Despite this openness, I do not feel at ease hearing about luxury companies, such as such as eyewear manufacturer Safilo, who acquire debts as large as the 30-year World Bank loan to Niger. Being in the vision category, it seems Safilo should have seen its decline long before it reached $745 million.



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Hallelujah Haircuts

Just 90 days after getting married, I did the unthinkable.
I cut my long hair.

My husband is now in mourning as my waist-length wavy blonde hair, which he coined “12-year old surfer’s hair,” has been replaced by a more reasonable length and a less high-maintenance shade of caramel.

I am not alone in the post-marriage haircut. It has become a trend, much to the chagrin of new husbands nationwide. Unlike the “heartbreak haircut” - the drastic cut of newly single women - this shorn situation is entered into with feelings of joy, rather than despair. The mental aftereffects of this, the Hallelujah haircut, are the same however, and newlyweds should cut with caution. Upon seeing locks on the floor, there is panic. Fear. Regret. You must be certain you are emotionally ready. Think about it, even Gisele Bundchen once went into hiding for six months, to allow her hair to grow back, after chopping hers off.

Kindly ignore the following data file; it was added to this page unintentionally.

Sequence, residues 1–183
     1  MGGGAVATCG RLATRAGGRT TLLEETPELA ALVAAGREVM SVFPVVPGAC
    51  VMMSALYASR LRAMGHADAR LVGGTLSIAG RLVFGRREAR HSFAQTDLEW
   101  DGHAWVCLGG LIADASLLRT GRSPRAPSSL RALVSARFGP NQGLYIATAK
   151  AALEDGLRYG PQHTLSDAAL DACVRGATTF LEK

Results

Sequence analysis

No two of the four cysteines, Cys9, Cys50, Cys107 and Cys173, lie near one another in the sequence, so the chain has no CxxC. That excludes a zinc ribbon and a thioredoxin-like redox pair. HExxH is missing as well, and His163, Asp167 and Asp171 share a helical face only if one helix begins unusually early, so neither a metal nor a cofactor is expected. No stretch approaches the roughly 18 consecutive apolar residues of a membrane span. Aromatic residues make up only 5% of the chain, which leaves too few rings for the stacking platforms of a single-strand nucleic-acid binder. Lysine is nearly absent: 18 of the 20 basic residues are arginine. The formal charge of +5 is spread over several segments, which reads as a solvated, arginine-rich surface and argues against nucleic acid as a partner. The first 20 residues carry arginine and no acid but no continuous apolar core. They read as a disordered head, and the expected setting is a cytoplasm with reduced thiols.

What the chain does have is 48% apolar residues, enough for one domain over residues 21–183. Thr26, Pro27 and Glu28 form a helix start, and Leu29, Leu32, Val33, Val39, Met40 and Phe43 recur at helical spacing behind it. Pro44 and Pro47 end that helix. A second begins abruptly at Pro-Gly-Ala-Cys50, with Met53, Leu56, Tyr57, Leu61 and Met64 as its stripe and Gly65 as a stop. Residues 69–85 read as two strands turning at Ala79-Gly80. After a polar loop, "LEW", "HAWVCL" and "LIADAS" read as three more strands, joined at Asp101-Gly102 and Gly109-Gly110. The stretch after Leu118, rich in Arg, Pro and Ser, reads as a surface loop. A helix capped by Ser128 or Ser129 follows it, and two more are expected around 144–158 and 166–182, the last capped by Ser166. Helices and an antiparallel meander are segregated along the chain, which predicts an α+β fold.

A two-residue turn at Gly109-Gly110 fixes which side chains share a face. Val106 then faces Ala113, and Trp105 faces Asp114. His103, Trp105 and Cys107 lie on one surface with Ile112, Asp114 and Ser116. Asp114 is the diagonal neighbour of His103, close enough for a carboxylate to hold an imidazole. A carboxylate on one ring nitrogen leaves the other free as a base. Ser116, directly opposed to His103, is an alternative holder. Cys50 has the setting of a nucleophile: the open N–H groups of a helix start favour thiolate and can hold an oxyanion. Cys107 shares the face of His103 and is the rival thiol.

My stylist, Chuck, believes many women cut following “I do” because they grew hair out for the big day; Others believe many women finally feel empowered to cut because they have a secure, loving relationship. And, they are at the start of letting themselves go.

I fall into neither camp. My hair grows fast, and I opted to experiment with a cut rather than try a new lipstick.

Besides, I wear chapstick.



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Quench